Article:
Sea Level Rise Threatens to Drown Miami Even Faster Than Feared, UM Researcher Finds

A flash flood left South Beach underwater in 2009.
A flash flood left South Beach underwater in 2009.
Photo by Bill Cooke

Living in Miami in 2015 and harboring any doubts about sea level rise is roughly equivalent to being a volcano truther in Pompeii circa 79 AD. The catastrophe is happening. The only question is just how quickly climate change will sink parts of South Florida.

The answer, according to new work by a University of Miami researcher: even more quickly than we thought.

See also: Rolling Stone Predicts Miami Will Be Underwater by 2030

"People ask me all the time: 'When is it going to happen? When will we start seeing sea level rise?'" says Brian McNoldy, a senior research associate at UM's Rosenstiel School of Marine and Atmospheric Sciences. "We've already passed that. It's happening."

To chart that rise, McNoldy recently crunched nearly two decades' worth of data from a tidal monitoring station on Virginia Key. First, he looked at the heights of high, low, and mean sea level measured at the station from 1996, when it was set up, until today.

In research posted last week, he reported that in 2014, the linear trend in all three was more than three inches higher than in 1996.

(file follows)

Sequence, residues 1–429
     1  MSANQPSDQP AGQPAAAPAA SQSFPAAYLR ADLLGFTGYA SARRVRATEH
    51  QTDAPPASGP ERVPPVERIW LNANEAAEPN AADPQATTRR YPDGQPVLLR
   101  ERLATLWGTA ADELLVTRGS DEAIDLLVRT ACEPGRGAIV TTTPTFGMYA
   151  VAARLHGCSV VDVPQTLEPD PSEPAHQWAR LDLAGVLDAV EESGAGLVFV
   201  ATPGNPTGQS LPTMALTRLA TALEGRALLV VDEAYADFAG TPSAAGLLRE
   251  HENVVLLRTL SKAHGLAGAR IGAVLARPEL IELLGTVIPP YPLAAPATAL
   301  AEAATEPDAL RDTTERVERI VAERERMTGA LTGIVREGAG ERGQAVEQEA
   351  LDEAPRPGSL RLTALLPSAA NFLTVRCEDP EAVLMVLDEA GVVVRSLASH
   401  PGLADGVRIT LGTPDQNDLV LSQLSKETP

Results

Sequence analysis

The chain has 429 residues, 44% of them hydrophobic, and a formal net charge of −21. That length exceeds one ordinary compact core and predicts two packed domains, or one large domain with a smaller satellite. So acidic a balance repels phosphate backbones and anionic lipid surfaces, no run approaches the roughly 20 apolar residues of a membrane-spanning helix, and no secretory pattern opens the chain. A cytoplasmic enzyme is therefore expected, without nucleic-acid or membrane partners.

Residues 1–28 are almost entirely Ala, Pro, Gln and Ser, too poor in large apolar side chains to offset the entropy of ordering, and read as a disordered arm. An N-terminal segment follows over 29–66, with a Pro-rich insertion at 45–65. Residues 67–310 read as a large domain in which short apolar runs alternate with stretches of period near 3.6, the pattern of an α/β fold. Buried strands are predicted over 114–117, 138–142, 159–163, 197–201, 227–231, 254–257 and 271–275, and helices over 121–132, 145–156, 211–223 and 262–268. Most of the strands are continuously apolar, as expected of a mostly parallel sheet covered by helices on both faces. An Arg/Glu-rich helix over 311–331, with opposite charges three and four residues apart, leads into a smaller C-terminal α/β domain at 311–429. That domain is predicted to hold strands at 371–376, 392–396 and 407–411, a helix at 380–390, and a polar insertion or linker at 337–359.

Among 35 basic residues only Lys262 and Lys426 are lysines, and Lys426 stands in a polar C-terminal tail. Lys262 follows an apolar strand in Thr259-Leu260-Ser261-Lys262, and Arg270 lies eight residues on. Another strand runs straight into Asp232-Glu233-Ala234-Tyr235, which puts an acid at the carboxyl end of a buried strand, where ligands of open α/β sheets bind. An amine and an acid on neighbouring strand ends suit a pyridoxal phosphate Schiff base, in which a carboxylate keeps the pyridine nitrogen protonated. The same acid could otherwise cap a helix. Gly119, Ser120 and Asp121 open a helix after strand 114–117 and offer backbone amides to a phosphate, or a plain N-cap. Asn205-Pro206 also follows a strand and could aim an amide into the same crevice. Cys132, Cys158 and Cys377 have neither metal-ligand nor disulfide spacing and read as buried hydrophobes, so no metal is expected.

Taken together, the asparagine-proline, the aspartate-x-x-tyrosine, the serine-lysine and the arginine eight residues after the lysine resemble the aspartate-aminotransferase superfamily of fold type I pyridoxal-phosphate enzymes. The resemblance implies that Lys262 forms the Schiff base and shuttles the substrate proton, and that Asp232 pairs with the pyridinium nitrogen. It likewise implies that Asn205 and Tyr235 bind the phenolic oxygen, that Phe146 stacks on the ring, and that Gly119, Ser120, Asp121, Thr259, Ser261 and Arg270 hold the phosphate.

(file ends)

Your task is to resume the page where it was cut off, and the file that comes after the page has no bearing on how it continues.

Even more worrying, though, the data suggests the trend is accelerating. By charting just the highest tide each day and breaking that info into five-year chunks, McNoldy found that the high-water mark rose by an average of 0.3 inches per year overall -- but a much higher 1.27 inches per year over the past five years.

Broken down into five year pieces, the highest tidal point in Virginia Key is rising at a sharply accelerating rate.
Broken down into five year pieces, the highest tidal point in Virginia Key is rising at a sharply accelerating rate.
Courtesy of Brian McNoldy

"It was surprising," McNoldy says. "I didn't realize that over such a short time, going back to only 1996, you'd see that much of a trend."

One challenge of convincing people to take the threat of rising seas seriously is that the change is incremental; it's not a sudden Pompeiian eruption but a slow-motion disaster.

But McNoldy says he hopes his data adds more fuel to the growing conversation about what to do in Miami, where the risks include not only billions of dollars' worth of property along the coastline but also a fresh-water table -- the drinking water source for millions -- that could soon be infiltrated by rising seawater.

McNoldy doesn't have any answers about how to address those problems, but he's glad we're talking about them. "That's one good thing about Miami," he says. "Here, people do recognize what's happening and they are trying to do things, while other parts of our country are turning their backs."


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